Day 27: July 18, 2013

We woke early this morning in hopes of securing another free continental breakfast only to discover that this Holiday Inn did not offer free breakfast whatsoever. Disappointed, we took our toiletries into a bathroom and did morning things before cooking breakfast in the parking lot.

We had reservations at 3:30PM for a tour of the Antelope Slot Canyon; while our time in Canyon de Chelly was limited, it was beautiful.

Taylor made a lizard friend ūüôā

and we made it to the valley of the canyon!

After some quick exploration of the White House – an old, reconstructed Indian ruin – we scurried back up the canyon side in hopes of making our Antelope Slot Canyon tour.

But there is always time to climb into a nook and hang out, right??

We bid adieu to the lovely Canyon de Chelly by noon – just enough time to make our reservation!

Okay. Let me say, the following pictures will probably make the Antelope Slot Canyon look really cool… all of the pictures on the internet do. The canyon itself is gorgeous, don’t get me wrong, but the experience is¬†very¬†commercialized and¬†very¬†overcrowded. An excerpt from my journal reads, “We enjoyed the views but wished for silence.”

The tours pack 75 – 100 people in these….

…you all file into the Slot Canyon…

…and take some baller pictures that make the canyon seem empty while being rushed along to make room for the next group by your tour guide.

I mean, no one is claiming that the pictures aren’t sweet:

however, the reality of the experience is different than expected.

After our tour finished, we hopped into Eddie and drove to Zion for the night! Awesome tip: if you arrive at a park after hours (at least this holds true for Zion… I would imagine it is true in all parks since the gates must be open for cars to exit), you get in for free! We saved another $25 without the annual pass, which would have saved us either $99 or $119 by now!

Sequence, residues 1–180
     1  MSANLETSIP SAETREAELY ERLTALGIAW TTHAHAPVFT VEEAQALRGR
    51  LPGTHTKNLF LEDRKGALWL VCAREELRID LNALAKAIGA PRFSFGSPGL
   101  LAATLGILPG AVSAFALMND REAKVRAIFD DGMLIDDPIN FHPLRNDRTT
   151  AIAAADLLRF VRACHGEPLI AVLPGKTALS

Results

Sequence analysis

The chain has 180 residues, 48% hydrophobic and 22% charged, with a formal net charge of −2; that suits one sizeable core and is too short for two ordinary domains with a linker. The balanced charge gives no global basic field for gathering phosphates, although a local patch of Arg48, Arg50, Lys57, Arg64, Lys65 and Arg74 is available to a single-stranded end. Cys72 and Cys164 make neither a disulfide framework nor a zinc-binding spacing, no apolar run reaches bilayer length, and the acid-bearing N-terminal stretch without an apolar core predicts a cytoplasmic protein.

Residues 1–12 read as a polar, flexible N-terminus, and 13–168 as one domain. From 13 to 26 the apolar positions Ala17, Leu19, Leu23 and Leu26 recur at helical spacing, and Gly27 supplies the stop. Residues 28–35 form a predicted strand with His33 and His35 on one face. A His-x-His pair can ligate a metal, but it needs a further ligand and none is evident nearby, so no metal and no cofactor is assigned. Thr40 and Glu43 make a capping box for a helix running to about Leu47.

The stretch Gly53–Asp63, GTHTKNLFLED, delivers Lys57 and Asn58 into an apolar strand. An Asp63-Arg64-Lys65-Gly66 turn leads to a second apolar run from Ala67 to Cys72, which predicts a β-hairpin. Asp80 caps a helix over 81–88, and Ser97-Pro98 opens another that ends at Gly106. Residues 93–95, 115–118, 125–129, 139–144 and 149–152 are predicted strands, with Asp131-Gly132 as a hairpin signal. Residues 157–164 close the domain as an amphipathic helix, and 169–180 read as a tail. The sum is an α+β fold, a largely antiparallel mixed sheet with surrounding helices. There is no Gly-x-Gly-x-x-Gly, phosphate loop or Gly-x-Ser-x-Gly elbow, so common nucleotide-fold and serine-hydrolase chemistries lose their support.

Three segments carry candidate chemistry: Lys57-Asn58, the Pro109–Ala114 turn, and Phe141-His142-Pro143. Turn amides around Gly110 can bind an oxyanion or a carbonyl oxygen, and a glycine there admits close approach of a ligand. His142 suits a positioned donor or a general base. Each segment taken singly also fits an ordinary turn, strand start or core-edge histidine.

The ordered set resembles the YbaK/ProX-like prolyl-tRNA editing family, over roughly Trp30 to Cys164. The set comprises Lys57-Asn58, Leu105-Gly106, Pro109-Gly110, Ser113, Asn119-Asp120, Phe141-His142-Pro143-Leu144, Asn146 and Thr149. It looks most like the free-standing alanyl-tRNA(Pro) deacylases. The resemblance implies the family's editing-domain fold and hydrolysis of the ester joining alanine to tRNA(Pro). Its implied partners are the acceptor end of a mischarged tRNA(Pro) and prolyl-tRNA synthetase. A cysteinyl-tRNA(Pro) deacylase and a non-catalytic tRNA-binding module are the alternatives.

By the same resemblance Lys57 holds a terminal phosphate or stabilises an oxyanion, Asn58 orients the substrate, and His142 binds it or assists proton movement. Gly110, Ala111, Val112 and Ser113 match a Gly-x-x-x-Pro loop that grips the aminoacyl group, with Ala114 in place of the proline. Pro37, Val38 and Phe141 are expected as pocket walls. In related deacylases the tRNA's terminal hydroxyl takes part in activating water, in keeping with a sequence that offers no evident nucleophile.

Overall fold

We entered the park and took a long, scenic drive to a more populated area and decided to sleep in the parking lot next to an actual campsite to avoid paying a camping fee. We parked next to a trashcan and some benches that were surrounded by deer! Taylor was in heaven!

We cooked, ate dinner, wrote, and stumbled upon a wonderfully dreaded, tattooed, hippy couple – Taylor and Vincent – who offered us warm PBRs (which we gladly accepted) and told us to swing by their campsite after dinner.

When we finished eating, Taylor went to a bathroom to clean our dishes and I started to organize Eddie for the night… I was pretty sure that a ranger had spotted me and, when Taylor returned, it was clear that we had been caught. The ranger pulled around to tell us that we couldn’t sleep in the parking lot. Bummed, we drove to our hippy friends to see if we could fit Eddie¬†in their campsite! Unfortunately, they could not help us – but they did give us drinks and good company. We stayed for a bit, however,¬†we were feeling nervous considering we still did not have a spot to park Eddie and sleep. So, we said our farewells shortly after we arrived and ventured around the campsite in search of an open spot.

Another tip!! (I think I mentioned this when I wrote about Yosemite) – all (at least most) of the camping grounds claim that their campsite is full, regardless of whether or not it actually is, when no one is on duty. Unfortunately, this campsite was full… but there was a small spot between two camps that could fit Eddie! We successfully backed him into the spot and let the songs of the rain¬†lull us to sleep.

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